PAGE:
Mildura Weekly : Friday February 14 2014 Vol 8 No 15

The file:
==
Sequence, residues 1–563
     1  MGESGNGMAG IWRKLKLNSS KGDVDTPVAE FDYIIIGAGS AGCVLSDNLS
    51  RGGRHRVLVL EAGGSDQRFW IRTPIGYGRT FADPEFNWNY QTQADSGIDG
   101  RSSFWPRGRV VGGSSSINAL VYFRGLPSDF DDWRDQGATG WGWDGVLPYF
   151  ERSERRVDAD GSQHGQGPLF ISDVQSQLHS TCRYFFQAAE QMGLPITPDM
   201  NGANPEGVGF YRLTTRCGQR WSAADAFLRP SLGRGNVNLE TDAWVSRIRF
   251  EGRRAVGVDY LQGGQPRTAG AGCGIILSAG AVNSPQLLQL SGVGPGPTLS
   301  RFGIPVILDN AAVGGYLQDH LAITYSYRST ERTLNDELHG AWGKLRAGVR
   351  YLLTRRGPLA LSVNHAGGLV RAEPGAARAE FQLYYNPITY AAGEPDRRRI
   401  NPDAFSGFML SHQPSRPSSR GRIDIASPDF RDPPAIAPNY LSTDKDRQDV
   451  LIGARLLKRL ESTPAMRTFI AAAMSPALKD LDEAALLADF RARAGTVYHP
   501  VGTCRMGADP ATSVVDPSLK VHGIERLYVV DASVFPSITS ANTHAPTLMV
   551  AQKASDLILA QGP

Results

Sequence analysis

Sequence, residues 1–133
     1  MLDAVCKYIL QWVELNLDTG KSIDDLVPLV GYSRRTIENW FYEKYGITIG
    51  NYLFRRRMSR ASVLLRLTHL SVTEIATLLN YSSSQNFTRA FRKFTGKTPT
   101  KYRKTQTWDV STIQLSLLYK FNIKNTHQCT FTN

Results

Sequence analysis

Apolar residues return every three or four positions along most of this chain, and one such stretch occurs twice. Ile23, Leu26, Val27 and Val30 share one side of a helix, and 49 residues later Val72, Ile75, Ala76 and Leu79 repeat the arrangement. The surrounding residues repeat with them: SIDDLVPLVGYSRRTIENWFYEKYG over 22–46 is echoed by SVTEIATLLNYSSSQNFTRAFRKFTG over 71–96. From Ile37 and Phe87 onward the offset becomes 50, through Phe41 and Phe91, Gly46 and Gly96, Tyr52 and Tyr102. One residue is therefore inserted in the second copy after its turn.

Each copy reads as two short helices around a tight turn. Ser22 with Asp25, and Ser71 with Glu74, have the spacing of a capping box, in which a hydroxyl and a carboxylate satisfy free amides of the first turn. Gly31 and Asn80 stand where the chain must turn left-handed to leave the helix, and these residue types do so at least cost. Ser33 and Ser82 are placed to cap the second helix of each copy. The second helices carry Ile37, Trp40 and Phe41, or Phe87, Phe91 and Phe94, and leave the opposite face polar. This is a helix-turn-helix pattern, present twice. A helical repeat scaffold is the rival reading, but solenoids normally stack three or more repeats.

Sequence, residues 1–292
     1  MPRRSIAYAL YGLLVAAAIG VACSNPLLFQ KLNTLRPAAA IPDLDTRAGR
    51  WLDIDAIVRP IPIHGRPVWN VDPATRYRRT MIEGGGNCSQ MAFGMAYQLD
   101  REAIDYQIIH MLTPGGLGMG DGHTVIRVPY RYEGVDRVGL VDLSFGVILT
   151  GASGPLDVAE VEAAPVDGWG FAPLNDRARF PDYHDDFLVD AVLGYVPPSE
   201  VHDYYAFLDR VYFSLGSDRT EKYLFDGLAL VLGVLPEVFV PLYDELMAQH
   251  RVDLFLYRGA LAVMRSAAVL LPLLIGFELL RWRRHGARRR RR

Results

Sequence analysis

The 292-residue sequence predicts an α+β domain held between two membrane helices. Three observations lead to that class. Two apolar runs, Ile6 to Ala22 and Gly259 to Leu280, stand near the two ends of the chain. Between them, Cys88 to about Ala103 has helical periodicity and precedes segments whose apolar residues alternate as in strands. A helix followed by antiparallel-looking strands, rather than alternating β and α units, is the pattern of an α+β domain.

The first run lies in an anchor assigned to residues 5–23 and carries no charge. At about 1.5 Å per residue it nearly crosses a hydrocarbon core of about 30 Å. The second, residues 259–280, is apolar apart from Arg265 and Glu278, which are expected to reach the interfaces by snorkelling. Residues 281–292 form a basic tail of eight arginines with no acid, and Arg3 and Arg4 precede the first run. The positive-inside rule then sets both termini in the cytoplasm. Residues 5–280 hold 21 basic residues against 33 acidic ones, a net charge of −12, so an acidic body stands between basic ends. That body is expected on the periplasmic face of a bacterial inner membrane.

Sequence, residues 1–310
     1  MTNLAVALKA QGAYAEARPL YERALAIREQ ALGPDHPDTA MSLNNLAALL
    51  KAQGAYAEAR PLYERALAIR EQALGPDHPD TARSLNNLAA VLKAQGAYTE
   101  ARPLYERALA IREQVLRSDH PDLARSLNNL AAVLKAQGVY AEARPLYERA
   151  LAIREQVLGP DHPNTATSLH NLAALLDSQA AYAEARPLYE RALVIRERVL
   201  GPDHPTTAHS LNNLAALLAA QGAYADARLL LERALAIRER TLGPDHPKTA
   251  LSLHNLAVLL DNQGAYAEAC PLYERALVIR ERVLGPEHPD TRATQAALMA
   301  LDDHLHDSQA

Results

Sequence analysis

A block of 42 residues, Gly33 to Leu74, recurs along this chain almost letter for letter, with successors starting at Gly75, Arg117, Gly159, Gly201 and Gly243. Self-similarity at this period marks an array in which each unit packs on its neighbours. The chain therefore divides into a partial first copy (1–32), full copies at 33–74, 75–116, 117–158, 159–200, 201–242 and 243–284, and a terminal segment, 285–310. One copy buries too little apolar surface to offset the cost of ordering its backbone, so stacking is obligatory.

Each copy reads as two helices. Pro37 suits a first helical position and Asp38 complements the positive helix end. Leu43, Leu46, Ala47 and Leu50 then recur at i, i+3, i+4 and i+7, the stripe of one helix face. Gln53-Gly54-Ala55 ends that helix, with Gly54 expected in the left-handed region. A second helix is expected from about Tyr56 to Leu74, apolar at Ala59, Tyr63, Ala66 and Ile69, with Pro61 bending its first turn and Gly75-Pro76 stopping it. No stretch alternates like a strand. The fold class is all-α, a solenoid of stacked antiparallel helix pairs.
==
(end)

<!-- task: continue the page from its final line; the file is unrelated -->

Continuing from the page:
Mildura Weekly – 14/02/14 21 www.milduraphonebook.com.au IN THE RIVERLAND THIS WEEK Bev Story (08) 8588 7203 or email firstname.lastname@example.org JIM Joannou was 13, going to school in his native Greece while helping out on the fam- ily’s small sheep and goat farm in the mountains of Evia when his father George made a life-changing decision...he intended to migrate to Aus- tralia. George and his best mate, Con Logos, wanted a better life for their families. It was the late 1920s when the pair left their families behind and travelled by ship to Australia, but not before making a sol- emn promise to work hard so their wives and children could join them. They ended up in the Riverland, worked hard and saved every cent they could, but it was still seven years before the families were re- united, and only after Jim’s mother sold the farm at a bar- gain price to help pay some of the moving costs. Jim was the second child born of seven children. An el- der sister, Helen, and a young- er brother, Nicholas, are since deceased, twin brothers also died as children in Greece, and he also had twin sisters, Sophie, deceased, and Mary. In later years, Jim often told his children about his growing up years. He helped out on the family farm, mak- ing cheese from the milk pro- vided by small flocks of sheep and goats. Their father George was a fisherman, owning and oper- ating his own trawler to catch fish, as well as using it as a ferry to take passengers the short distance to and from the Greek mainland. Any spare food was used to bargain for family necessities - there wasn’t any spare money in those days. The family swapped wheat, goat’s cheese and olive oil for other essentials. Meat was a rare luxury, and usually available only at Christmas time, when a pig was killed, prepared and shared by the family, friends and neigh- bours. It was a tough life. The only vegetables available were cabbages and wild tur- nip weed. Katerina boiled the turnip weed in water. Jim told his family it was very bitter, but excellent for your health. Katerina was also the village midwife. Jim often said he couldn’t ever remember having a toy as a child, there were no birthday celebrations...only a ‘name day’ was celebrated... but he was happy. He went to school in the nearby village. The town’s Greek Orthodox Priest was also the school teacher, and if any of the kids missed a day, they would be caned in front of the class. Jim had often told the story of the decision his fa- ther George and Con Logos to migrate, working long, hard hours on Riverland fruit blocks and saving enough money to send for their fami- lies. It was 1935 before the families were re-united. They lived in Berri for a year, and then Renmark, and were be- lieved to be the first Greek mi- grants to settle there. They loved their new life, but it wasn’t always easy. As new Australians they copped the usual ethnic abuse, and Jim told his family he wanted to become naturalised as soon as he could, because he want- ed to feel accepted in his new country. He virtually gave up his Greek culture so that he felt he fitted in with the local community. But he quickly earned re- spect. He worked hard on Mr Seary’s fruit block in Renmark in his teenage years, as well as helping his father George out on the family block. One was a paid job, the other wasn’t. It was the done thing that Greek boys worked willingly for their parents for nothing in return, although his father later on did give him five pounds when he was mar- ried. That was a story that en- thralled the Joannou kids in later years. It was the World War Two years. Jim had enlisted for the army, but in the end didn’t have to go off to war. Jim was 21 when he met the love of his life Betty, 19, in 1944 at a Renmark dance. She had trav- elled to the Riverland to work on properties with the Land Army. They fell in love, and celebrated many good times with family and friends, being inseparable at local picnics and dance nights. But neither had counted on the Greek tradition of an arranged marriage. It was an emotional time as Jim ex- plained that his father was sending him to Port Pirie to meet his betrothed, and when Betty kissed him goodbye at the train station, she thought that was it, and returned home to Wallaroo on the Yorke Peninsula. But Jim had other ideas. He jumped trains, caught the one to Wallaroo, tracked Betty down and asked her to marry him. Betty was over the Moon. Jim had a bit of explaining to do with his parents, but they adored Betty, and she became a part of the family in Ren- mark, and married less than 12 months later. • Continued Page 22 Young Jim Joannou was like thousands of migrant kids from Greece who were happy to follow the lead of their parents in seeking a better life in another country. He was glad his Dad picked multicultural Australia, ‘the land of milk and honey,’ and was well aware how hard George Joannou worked to bring his wife Katerina, young Jim and the rest of the family out as well. The second-eldest of seven children, Jim migrated as a 13-year-old, and was happy to be re-united with his parents in the Riverland. He loved his school, his friends, life on the land, the work prospects, our easy- going lifestyle, sport, the weather and the people, stayed for life, and the Riverland became an even better place because of his decision. Jim Joannou was 91 when he passed away recently after a short illness, ending an interesting life that transcended international boundaries, multicultural experiences, being an ethnic pioneer in rural Australia, a mixed marriage that became a long, loving and successful union, hard work on the land, often daylight to dusk, and a firm commitment to sport and his community. His daughter Kathryn Carruthers, who adored her Dad, was with him in is final hours at the Royal Adelaide Hospital. She worked with the Mildura Weekly’s ALAN ERSKINE for this tribute to a highly-respected community leader. We lose a friend, and a man of the land OBITUARY Jim Joannou 1922 – 2013 • A MAN AMONG MEN: Jim Joannou in the tractor seat on the family block, and also pictured with Betty, the love of his life, ready for a night out to celebrate their 45th wedding anniversary. 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